4. Are we using these forums for other internal initiatives (e.g., new patient scripting, quality initiatives)?
  5. Is it led by a consistent member of the team that has been coached in facilitation?

If you’re like most organizations, you answered “no” or “sometimes” to some of the questions above. Regardless of the number of meetings, the members involved, the format, or the technology utilized, the success of any program is ultimately dictated by the quality, consistency, and timeliness of the information shared. When these initiatives fail, we typically see the following:

  • Programs are routinely initiated with clear objectives, comprehensive designs, and well thought-out tools. But after with an initial wave of positive progress, commitment wanes and results diminish. Staff get frustrated as old problems reappear. Teams begin a daily routine of “going through the motions."
  • There is an organizational mandate to have the huddles, but no accountability to the quality of the discussions. Meetings intended to improve communication and reduce ALOS will actually consume more staff time with no results. Which means the organization will have wasted a lot of time, effort, and money to further frustrate staff and maintain sub-standard performance metrics.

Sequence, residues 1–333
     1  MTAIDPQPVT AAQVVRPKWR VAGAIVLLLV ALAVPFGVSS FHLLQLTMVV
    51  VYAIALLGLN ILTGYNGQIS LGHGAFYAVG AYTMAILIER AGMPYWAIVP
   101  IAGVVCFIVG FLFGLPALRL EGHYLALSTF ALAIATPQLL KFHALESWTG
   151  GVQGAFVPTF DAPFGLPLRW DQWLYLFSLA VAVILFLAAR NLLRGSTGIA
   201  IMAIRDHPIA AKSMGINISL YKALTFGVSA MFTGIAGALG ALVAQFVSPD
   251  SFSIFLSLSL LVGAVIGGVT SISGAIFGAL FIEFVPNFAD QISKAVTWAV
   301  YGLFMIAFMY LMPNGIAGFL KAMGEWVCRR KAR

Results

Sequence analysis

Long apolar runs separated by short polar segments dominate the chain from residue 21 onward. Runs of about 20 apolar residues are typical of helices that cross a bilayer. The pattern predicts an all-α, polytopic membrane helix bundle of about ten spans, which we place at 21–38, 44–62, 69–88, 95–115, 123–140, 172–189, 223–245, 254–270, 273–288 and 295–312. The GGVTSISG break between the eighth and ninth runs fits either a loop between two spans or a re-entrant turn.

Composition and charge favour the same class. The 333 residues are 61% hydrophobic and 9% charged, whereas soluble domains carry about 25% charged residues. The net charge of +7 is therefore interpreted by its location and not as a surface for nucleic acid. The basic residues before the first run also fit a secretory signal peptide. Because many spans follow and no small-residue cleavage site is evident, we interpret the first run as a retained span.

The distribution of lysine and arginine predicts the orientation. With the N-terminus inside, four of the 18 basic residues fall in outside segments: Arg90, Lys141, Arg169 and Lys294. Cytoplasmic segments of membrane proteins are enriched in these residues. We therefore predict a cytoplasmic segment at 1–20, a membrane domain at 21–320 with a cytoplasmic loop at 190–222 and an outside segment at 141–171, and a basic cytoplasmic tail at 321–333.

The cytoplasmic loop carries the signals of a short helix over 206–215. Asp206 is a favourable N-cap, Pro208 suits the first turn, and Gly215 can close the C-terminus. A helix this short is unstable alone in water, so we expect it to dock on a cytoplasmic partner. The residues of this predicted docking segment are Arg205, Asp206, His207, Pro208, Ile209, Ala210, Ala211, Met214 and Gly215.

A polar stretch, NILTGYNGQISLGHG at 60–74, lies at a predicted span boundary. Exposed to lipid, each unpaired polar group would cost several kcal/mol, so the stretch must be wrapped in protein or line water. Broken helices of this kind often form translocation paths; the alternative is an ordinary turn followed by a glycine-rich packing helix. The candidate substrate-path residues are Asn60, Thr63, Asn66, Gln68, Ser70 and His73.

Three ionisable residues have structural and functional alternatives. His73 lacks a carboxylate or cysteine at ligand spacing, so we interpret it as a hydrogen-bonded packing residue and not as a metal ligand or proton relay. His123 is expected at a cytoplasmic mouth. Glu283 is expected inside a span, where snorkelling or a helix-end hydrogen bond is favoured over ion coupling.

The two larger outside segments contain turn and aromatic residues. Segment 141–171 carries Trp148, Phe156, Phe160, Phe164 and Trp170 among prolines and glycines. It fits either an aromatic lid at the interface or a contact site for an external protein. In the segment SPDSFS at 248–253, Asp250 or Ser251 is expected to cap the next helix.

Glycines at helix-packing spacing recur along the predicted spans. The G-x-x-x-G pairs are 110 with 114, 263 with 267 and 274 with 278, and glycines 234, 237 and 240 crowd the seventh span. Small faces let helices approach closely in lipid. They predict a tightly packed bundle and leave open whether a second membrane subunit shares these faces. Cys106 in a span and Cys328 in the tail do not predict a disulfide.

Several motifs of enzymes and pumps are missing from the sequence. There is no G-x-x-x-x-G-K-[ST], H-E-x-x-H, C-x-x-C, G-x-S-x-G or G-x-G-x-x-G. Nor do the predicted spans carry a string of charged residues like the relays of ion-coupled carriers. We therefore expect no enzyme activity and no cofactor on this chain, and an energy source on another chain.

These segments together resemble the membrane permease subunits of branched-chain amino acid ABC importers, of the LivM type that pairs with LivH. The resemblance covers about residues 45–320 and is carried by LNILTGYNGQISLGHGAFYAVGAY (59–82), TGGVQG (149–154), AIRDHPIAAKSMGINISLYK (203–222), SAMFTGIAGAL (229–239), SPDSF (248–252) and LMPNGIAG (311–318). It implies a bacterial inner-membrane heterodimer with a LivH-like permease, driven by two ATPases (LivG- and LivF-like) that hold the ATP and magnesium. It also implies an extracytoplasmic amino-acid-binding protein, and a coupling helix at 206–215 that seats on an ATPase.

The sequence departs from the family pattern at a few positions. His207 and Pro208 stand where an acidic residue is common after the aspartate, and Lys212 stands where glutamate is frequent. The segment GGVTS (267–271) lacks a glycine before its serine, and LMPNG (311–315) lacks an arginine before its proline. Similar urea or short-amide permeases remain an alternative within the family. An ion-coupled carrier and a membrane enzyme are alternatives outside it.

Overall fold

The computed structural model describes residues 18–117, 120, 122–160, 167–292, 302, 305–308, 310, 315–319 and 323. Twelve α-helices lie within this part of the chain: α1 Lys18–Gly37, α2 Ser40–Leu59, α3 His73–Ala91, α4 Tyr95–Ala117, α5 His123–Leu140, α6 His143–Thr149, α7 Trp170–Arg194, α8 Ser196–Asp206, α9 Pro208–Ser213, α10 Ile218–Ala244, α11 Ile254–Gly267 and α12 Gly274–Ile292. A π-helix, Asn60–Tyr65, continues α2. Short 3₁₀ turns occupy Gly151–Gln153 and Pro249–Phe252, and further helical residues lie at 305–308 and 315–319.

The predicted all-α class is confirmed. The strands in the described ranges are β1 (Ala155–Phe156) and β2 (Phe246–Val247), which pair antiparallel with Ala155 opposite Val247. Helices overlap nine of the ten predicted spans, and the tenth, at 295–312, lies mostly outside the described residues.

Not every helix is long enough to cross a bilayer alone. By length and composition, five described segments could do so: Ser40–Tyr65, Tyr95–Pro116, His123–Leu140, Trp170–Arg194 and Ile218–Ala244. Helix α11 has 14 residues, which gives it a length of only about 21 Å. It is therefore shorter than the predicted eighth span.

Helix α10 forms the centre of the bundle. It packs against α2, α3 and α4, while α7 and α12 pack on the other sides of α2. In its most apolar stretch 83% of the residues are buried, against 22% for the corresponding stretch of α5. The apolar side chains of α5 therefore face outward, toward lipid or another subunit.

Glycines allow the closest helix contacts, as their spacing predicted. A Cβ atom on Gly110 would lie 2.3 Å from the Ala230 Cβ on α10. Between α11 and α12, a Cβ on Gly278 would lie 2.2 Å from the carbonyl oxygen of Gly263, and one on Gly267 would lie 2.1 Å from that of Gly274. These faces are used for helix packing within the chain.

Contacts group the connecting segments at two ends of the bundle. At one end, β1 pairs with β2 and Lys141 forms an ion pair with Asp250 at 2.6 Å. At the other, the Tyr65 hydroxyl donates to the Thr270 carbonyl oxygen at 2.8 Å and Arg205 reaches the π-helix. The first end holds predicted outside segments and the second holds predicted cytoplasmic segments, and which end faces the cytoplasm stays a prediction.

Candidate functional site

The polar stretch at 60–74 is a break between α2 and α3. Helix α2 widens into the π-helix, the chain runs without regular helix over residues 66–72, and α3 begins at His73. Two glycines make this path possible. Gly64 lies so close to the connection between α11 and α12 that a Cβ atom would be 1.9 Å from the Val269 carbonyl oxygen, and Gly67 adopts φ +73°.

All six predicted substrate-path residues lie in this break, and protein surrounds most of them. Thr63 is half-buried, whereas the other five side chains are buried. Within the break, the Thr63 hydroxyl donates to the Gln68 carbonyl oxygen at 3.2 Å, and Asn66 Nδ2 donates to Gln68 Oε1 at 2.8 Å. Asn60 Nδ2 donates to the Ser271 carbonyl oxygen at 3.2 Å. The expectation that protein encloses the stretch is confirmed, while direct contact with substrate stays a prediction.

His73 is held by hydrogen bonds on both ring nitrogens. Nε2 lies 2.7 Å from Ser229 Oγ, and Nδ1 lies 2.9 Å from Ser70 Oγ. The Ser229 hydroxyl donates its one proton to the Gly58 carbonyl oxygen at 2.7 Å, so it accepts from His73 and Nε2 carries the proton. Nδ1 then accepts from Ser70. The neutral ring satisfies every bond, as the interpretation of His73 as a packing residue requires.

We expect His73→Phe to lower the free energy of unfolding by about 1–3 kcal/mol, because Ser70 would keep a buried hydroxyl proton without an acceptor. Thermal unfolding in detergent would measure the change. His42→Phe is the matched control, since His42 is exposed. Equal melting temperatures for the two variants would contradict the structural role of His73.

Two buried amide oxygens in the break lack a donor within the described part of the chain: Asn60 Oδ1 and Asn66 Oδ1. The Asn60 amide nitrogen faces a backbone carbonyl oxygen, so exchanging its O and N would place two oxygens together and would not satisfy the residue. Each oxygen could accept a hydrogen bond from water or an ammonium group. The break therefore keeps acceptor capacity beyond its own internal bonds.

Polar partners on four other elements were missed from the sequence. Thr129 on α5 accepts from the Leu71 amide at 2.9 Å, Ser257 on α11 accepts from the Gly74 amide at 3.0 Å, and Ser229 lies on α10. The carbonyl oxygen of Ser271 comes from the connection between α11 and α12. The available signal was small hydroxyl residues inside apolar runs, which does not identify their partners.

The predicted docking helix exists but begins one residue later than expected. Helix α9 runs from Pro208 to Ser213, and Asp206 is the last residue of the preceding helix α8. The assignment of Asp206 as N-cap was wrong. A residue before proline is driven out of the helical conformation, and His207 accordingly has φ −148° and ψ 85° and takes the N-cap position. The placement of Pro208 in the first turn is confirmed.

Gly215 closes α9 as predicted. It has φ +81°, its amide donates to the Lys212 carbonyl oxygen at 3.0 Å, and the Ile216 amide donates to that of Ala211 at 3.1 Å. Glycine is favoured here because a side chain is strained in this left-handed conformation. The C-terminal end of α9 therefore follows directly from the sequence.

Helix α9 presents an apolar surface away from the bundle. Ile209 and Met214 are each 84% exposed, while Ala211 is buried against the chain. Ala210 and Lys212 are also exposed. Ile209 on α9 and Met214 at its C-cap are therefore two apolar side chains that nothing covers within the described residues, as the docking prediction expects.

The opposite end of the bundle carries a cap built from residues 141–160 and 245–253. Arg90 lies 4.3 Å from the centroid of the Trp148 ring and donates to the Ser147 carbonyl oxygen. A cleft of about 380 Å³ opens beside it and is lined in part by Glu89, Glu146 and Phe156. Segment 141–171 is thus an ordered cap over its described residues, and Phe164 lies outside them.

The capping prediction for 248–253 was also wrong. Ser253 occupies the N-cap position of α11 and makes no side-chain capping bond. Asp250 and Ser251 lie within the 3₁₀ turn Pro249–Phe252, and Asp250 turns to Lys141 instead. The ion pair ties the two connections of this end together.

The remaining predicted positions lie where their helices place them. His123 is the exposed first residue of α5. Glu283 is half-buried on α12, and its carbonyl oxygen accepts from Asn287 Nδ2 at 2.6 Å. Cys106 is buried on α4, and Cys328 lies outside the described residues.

These pitfalls can only be prevented if leadership is fully engaged and supportive of the change. In high-performing hospitals, executives reinforce the importance of these programs by actively participating, gathering data, and reviewing dashboards to understand issues. They reward their staff for identifying opportunities and sustaining improvements. Until it is demonstrated that prompt elimination of barriers is the normal outcome, they know the culture will not change.

Foscato.jpgMr. Foscato serves as a senior vice president with GE HealthcareCamden Group responsible for the overall design andimplementation of solutions, thought leadership and solution development. Mr. Foscato has deep domain expertise in improving clinical operations, implementing enabling technologies, optimizing revenue cycle and patient access functions for healthcare providers to deliver more effective patient care and financial performance. He also assists clients with activating strategy leveraging GE’s world-renowned management and leadership systems. He may be reached at


treml.jpgMr. Treml is a senior manager with GE Healthcare Camden Group, with 12 years of management consulting experience. He has led a broad range of engagements including: improving perioperative serviced epartments through scheduling optimization and specific process improvements, developing comprehensive capacity strategy plansfor high occupancy institutions, implementing electronic event reporting tools, streamlining discharge planning processes, and increasing throughput in diagnostic imaging departments. He may be reached at